The people of Ecuador are rising up to refound their country as a pluri-national homeland for all. This inspiring movement, with Ecuador's indigenous peoples at its heart, is part of the revolution spreading across the Americas, laying the groundwork for a new, fairer, world. Ecuador Rising aims to bring news and analysis of events unfolding in Ecuador to english speakers.

Friday, October 01, 2010

Ecuador unrest: Rafael Correa returns to presidential palace

Ecuadorean army troops have stormed a hospital in Quito and rescued President Rafael Correa, who had been trapped inside and surrounded by renegade police protesting against government austerity measures.

By Ben Westwood in Guayaquil
Ecuadoran troops took over the main international airport in the country?s capital Quito while police protested in the streets over benefits.
Ecuador's President Rafael Correa runs away from tear gas during a protest by police officers and soldiers against a new law that cuts their benefits Photo: REUTERS

Mr Correa arrived back at the presidential palace in the capital, where local television images showed a large crowd of supporters cheering and waving Ecuador's flag.

He said one police officer had "fallen" during fighting around the hospital where he remained for hours during a day of turmoil in the South American nation.

He had been freed moments earlier amid gunfire after soldiers raided the building where he spent most of the day.

Mr Correa had been prevented from leaving the police hospital after he was attacked with teargas as he attempted to negotiate with the police.

Walking on crutches after a recent operation, he arrived at a police barracks to talk about a strike over pay but was jostled and pushed by angry policemen. He was then fired on with teargas.

For the next few hours, nothing was heard from the president and rumours circulated that he was being held against his will. At 6pm, Mr Correa telephoned state television station ECTV to confirm that the police had taken away his bodyguards and he had been "practically kidnapped".

Police chiefs denied this but protesters attempting to free him were also fired upon with teargas as they tried to reach the hospital.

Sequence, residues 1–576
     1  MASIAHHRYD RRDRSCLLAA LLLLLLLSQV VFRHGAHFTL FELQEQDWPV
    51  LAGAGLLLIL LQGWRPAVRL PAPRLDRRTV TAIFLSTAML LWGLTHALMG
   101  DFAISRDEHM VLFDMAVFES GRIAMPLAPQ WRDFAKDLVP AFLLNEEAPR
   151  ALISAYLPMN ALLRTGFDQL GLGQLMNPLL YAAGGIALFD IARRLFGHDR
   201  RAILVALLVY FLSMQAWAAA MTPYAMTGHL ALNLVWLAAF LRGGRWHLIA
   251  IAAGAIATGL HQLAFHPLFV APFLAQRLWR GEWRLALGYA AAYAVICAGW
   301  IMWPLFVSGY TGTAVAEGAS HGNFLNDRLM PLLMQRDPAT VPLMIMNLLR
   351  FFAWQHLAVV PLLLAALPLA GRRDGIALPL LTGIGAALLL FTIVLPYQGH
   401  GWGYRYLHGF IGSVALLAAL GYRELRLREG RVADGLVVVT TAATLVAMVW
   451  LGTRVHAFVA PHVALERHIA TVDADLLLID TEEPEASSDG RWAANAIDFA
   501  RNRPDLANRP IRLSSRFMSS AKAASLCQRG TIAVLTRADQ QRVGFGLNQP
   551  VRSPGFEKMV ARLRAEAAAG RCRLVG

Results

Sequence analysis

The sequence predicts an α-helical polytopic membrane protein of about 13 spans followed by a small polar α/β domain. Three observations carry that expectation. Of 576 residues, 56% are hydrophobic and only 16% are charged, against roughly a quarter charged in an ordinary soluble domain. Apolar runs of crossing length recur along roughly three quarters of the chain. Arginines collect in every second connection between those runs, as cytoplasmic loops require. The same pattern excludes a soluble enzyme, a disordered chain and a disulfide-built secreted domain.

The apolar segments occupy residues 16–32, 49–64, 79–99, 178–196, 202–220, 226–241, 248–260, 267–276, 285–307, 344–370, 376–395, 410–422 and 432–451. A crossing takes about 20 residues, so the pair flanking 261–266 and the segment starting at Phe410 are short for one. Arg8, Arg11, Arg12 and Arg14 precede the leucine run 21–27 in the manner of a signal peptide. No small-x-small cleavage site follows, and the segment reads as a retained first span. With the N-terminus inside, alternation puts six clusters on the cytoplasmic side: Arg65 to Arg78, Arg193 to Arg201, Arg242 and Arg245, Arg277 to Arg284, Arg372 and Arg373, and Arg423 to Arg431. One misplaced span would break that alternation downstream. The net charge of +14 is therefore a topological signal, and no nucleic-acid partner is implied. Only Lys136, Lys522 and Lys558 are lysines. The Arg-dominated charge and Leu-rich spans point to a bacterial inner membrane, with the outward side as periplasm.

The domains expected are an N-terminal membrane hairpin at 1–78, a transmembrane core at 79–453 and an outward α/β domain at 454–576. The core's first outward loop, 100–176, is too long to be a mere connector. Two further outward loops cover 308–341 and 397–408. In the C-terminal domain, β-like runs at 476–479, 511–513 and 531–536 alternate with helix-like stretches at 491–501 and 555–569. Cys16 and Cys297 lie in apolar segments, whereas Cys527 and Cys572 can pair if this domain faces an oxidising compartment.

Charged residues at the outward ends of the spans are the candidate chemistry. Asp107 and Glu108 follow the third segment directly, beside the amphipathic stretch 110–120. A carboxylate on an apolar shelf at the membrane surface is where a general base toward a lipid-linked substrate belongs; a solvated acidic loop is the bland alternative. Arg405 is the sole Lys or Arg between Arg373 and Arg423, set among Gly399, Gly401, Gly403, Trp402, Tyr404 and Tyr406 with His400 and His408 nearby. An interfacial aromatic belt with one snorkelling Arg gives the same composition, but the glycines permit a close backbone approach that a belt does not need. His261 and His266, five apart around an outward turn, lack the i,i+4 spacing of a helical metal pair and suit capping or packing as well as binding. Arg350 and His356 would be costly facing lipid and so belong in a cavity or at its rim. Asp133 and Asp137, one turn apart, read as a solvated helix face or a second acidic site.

Mr Correa remained defiant in the face of the police action, saying: "I will not take a single step back. I will not sign any agreement under pressure. I would die first. I thank my compatriots for their support and ask citizens to remain calm."

As night fell in Quito, the capital faced the unprecedented situation of the army and police fighting each other in the streets. At 9pm, the army attacked the police guarding the hospital with teargas and rubber bullets. Several soldiers are reported to have been injured in the fighting.

The president was seen leaving in a convoy half an hour later and returned to the presidential palace where a crowd of supporters had gathered.

He said from the palace: "This has been a very sad day."

He quickly moved to blame former President Lucio Gutierrez, who himself was removed in a coup in 2005.

"Lucio Gutierrez's people were behind this. His supporters have manipulated it all. They twisted everything in a conspiracy."

He then criticiced the policemen who held him, labelling them "cowards". He vowed to continues with his policies, adding: "Nobody will stop the citizen's revolution. We will never give in."

World leaders have rallied around Mr Correa. Venezuelan President, a close ally, condemned the "coup attempt", while Bolivian President Evo Morales spoke of a "vengeful conspiracy" against Mr Correa, comparing the situation with the coup d'etat in Honduras earlier this year.

This unprecedented situation began with a dispute over police pay.

Ecuador woke up on Thursday to news that thousands of police officers had decided to strike in protest at a public service law passed by the country's Assembly which removed bonuses for good performance and long service.

For most of the day, Ecuador was without a working police force as policemen mounted a nationwide strike, blockading bridges and seizing control of Quito airport. Countless robberies were reported at shops and banks in Quito and Guayaquil, Ecuador's largest city. In one incident in Guayaquil, a mob of 30 people armed with hammers looted an electronics store. Police chiefs and army chiefs meanwhile refused to support the strike and pledged support to the president.

According to the Red Cross, 51 people have been injured in the protests and there has been at least one unconfirmed death. A state of emergency was declared in the early afternoon and the army was deployed to remove barriers and reopen the airport. The government station ECTV then assumed control of all news communications in a controversial move. This prompted an angry mob to storm the station, breaking glass and assaulting security men.

Fighting continues between the police and army.

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